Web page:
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Lesson 11 A warning about UPDATE
Objective Understand that you should use caution when using UPDATE.

Warning about the UPDATE Statement

If you omit the WHERE clause, you will update every single row in the table.
Think about what would happen if you issued the statement from the last lesson, but left off the WHERE clause. It is good to experiment now with your test table, rather than finding out later what happens when you are working with real, live data.
Without the WHERE clause, the UPDATE statement updates each and every row, setting all City column values to Seattle and destroying the integrity of your database. Always be extremely careful when using the UPDATE or DELETE statements.
Customer table consisting of 1) lastname, 2) firstname, 3) City, 4) State

Once the update statement has been executed it cannot be undone.
If you accidentally update a row, you will need to fix it manually by updating it with the prior values. In reality, you are not likely to know what you have updated incorrectly if the database table is sizable.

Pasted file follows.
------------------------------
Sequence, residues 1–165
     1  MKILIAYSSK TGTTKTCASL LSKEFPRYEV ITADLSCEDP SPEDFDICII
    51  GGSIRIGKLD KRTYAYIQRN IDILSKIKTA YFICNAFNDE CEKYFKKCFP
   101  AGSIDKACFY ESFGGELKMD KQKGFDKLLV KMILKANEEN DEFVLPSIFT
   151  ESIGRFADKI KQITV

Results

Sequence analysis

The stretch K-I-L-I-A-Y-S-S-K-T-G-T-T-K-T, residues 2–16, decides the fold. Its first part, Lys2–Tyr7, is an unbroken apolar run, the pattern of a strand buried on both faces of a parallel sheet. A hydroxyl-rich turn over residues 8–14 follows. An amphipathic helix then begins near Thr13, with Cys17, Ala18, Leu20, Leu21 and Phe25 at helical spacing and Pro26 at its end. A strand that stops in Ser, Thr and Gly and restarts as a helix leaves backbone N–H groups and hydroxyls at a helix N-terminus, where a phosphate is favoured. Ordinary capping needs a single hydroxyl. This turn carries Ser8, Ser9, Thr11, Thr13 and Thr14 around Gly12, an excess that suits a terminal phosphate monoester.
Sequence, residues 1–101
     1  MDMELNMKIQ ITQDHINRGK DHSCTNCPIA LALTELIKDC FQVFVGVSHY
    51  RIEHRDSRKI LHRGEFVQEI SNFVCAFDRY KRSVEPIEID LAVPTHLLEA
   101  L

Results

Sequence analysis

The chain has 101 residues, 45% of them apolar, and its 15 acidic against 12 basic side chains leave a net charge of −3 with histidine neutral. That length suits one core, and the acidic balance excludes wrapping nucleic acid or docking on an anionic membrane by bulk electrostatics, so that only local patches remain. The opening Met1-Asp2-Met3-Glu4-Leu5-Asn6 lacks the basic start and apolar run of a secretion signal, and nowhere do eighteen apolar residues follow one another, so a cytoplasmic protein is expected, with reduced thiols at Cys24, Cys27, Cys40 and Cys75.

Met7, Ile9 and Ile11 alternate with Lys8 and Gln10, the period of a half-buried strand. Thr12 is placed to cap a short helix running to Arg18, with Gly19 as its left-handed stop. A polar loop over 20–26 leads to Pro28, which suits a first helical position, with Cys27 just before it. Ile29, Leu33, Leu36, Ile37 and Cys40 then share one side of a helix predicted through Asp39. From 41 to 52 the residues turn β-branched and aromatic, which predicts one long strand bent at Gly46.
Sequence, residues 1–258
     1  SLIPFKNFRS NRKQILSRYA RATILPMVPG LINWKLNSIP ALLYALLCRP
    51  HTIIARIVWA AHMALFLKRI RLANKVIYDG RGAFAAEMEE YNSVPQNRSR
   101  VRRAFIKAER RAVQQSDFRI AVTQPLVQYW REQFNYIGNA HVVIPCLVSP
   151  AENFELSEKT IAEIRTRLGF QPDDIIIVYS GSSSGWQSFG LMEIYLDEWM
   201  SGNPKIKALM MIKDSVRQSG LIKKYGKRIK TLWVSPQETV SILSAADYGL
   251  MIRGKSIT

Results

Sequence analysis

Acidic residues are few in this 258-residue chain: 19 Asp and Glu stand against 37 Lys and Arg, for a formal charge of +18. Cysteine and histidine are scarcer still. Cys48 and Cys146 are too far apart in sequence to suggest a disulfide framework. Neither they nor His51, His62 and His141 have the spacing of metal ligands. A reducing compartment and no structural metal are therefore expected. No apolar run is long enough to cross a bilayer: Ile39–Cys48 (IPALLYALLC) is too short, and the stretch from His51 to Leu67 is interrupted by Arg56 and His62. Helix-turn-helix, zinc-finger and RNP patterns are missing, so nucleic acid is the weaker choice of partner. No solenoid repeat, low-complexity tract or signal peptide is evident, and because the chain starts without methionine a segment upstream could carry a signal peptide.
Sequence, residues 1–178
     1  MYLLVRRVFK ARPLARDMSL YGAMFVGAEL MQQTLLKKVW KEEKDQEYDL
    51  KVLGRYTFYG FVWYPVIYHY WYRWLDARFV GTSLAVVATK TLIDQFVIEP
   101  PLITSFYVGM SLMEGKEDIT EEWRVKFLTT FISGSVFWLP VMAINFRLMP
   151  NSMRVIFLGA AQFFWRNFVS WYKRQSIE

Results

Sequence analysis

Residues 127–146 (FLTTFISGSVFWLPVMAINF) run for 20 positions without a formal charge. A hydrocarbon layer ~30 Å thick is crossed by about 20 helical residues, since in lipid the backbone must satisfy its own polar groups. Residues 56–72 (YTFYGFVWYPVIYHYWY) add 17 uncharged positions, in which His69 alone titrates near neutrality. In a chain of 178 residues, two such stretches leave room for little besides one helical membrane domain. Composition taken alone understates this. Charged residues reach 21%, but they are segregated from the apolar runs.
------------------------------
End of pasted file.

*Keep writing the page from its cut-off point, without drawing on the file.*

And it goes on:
It is better to be extra-cautious before you issue any UPDATE or DELETE statements than to have to try to pick up the pieces later.
The next lesson shows you a more advanced use of the UPDATE statement.

SQL Queries

Update SQL Data

As its name implies, the UPDATE statement allows you to update data in your SQL database. With the UPDATE statement, you can modify data in one or more rows for one or more columns. The syntax for the UPDATE statement can be shown as follows:
UPDATE <table name>
SET <set clause expression>
[{ , <set clause expression>} . . . ]
[ WHERE <search condition> ]

As you can see, the UPDATE clause and the SET clause are required, and the WHERE clause is optional. In the UPDATE clause, you must specify the name of the table (or view) that you are updating. In the SET clause, you must specify one or more set clause expressions, which I discuss in more detail later in this chapter. In the WHERE clause, as with the WHERE clause in a SELECT statement, you must specify a search condition. The WHERE clause works here in much the same way it does in the SELECT statement. You specify a condition or set of conditions that act as a filter for the rows that are updated. Only the rows that meet these conditions are updated. In other words, only rows that evaluate to true are updated.